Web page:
This original drink uses Scotch whisky, Singani, Benedictine, Coffee Liqueur and an Orange Twist for garnish. If a Black Watch (https://youtu.be/q9Vqc0T1dOg) and a Smoky Grove (https://youtu.be/cUAOG8wKHxg) had a baby, it would be this drink.
It definitely makes some noise with the smoky flavors, but the other ingredients help rein it in a bit. Usually with smoky flavors, it’s the finish that makes it burn and by pulling it to the center with some of the other, earthy and sweet flavors, it takes the sting out of the campfire taste. There’s a lot going on flavor-wise. It’s hard to keep up. Every time you get your bearings on a flavor, it switches gears. The bright citrus notes are first out of the gate, then it’s bonfire, soft fruit, graham cracker, a touch of chocolatey coffee and big honey finish.
For the smoky Scotch, you wanna use something that has a great big throaty cloud of smoke running through the whisky like a chimney. I’m using The Peat Monster, which is a vatted malt or blended malt, but if you want to use an Ardbeg or Laiphroiag or Bowmore or some other beefy Islay single malt, go for it. You can also try using a strongly peated blend like Johnnie Double Black or Great King Street Glasgow Blend or Black Grouse, but something like Black Grouse may not be quite as powerful enough in the smoke department. You definitely want to get that note from the drink and something like the Black Grouse may not be loud enough to be heard.
Singani, one of Bolivia’s best kept secrets for centuries, is an eau de vie from the Bolivian Alps and has only been available in Bolivia for most of its existence. Luckily for the rest of the world, Singani is becoming available with brands like Rujero, Los Parrales and Singani 63. The choice of Singani is up to you. You want to get complex the fruity/floral sweetness from it.
The heavy lifting of the sweetness comes from the Benedictine, an herbal liqueur made with a secret collection of spices and honey, that was originally formulated over 500 years ago by Benedictine monks. It’s certainly one of my favorite liqueurs, used in drinks like the Vieux Carré (https://youtu.be/RyWLnv-qi6k) and the Irish Old Fashioned (https://youtu.be/L9wnVgf1IUA) and the Southland (https://youtu.be/Z-HMg4r_DDQ). It’s definitely a spirit you want to have on hand. Just be sure you get Benedictine and not B&B (which is in the same bottle with a different label) because B&B is a pre-made cocktail. A bottle of Benedictine should last you quite a while because most recipes call for so little of it and this one is no exception.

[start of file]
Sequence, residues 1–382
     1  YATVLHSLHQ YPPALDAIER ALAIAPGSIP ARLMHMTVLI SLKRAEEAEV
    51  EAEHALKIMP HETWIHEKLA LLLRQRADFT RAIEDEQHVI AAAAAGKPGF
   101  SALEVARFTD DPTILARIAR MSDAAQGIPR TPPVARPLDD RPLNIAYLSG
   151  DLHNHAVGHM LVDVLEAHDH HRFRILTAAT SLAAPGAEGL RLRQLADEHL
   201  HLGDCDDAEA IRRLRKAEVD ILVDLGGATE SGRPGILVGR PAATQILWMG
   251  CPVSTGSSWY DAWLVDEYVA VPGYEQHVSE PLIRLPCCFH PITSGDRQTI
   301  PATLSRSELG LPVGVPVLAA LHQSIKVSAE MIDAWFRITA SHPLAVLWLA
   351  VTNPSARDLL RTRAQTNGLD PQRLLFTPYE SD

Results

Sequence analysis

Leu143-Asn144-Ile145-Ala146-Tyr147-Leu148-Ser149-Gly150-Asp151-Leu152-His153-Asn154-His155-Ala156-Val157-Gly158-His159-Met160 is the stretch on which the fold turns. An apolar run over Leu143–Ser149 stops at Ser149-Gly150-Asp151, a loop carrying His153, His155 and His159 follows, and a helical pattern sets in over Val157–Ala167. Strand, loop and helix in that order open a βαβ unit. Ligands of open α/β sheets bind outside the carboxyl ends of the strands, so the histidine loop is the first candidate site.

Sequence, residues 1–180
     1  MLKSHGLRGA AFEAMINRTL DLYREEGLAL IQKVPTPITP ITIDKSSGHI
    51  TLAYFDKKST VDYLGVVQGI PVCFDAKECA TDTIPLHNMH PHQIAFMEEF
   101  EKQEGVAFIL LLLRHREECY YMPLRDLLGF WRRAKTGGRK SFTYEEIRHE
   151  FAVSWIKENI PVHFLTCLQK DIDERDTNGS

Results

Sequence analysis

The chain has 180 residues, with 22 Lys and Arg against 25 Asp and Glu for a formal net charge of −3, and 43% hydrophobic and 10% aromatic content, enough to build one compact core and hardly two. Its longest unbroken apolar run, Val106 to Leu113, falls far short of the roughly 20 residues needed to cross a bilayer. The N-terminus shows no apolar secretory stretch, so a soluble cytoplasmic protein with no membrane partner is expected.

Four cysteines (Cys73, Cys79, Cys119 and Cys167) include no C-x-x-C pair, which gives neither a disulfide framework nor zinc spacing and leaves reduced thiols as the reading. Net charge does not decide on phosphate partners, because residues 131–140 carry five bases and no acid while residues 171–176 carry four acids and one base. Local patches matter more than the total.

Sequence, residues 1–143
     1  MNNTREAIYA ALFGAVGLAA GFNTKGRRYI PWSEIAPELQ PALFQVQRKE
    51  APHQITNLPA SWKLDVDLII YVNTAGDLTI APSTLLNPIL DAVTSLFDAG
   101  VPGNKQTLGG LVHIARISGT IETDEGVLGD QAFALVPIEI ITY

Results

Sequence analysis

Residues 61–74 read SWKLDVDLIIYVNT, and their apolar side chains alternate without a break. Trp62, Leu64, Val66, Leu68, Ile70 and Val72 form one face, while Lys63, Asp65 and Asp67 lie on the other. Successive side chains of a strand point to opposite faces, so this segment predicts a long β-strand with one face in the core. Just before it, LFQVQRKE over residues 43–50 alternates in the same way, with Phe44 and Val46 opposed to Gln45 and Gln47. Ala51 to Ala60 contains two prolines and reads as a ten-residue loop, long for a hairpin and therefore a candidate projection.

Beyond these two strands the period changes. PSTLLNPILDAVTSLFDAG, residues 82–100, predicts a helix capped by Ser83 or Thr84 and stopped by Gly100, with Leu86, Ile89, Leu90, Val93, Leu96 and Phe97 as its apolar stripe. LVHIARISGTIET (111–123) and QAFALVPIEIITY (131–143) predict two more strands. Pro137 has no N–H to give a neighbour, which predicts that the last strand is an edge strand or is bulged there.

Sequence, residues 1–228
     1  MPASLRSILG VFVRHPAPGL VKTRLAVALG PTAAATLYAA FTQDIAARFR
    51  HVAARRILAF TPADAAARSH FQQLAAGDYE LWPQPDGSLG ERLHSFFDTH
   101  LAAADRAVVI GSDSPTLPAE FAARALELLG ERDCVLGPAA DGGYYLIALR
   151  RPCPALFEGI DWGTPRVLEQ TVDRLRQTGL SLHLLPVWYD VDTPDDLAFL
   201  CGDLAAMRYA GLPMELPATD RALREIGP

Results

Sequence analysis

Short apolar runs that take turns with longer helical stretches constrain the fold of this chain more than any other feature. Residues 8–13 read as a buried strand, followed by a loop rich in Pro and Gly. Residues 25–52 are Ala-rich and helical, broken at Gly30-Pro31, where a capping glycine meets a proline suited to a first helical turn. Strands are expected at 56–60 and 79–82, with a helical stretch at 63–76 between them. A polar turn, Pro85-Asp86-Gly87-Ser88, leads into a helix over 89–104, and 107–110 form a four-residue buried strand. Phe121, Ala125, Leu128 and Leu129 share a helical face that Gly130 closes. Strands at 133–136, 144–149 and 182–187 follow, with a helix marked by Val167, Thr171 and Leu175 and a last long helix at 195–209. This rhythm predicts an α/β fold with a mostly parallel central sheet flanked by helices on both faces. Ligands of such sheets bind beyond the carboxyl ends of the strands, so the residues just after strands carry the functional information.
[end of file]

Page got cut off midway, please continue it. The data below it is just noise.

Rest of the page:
The coffee liqueur is up to you. I’m using the NOLA coffee liqueur from St. George, which is one of the least sweet coffee liqueurs out there. It probably wouldn’t hurt to use a sweeter coffee liqueur, but I certainly prefer it this way. I’m a big fan of cold brew and this liqueur is pretty much a spiked cold brew. It’s made with the coffee drinker in mind. They make it from a combination of coffee and chicory that is cold brewed in 95% alcohol then mixed in a 4:1 ratio with regular coffee and chicory cold brew (with water) then lightly sweetened.
The coup de grâce on this drink is the orange twist. The bright citrus notes really change the profile of the drink. It’s a lot more smooth, rounded and balanced with the twist. Make them back-to-back, one with a twist and one without. You’ll see the world of difference. See if you don’t agree.
This cocktail was named with the help from the Twitter, Facebook and Instagram followers. So a big thanks to all of those who voted. As the knight at the end of Indiana Jones 3 says, you have chosen wisely. Cheers!
2 oz smoky Scotch
0.75 oz Singani
0.5 oz Benedictine
0.25 oz Coffee Liqueur
Stir with ice. Strain over large cube into rocks glass. Garnish with orange twist.
Featured in This Drink:
The Peat Monster
St. George NOLA Coffee Liqueur
Bowmore Bourbon Cask
Great King St. Glasgow Blend
The Black Grouse
OXO SteeL Double Jigger
Studio Neat Clear Ice Kit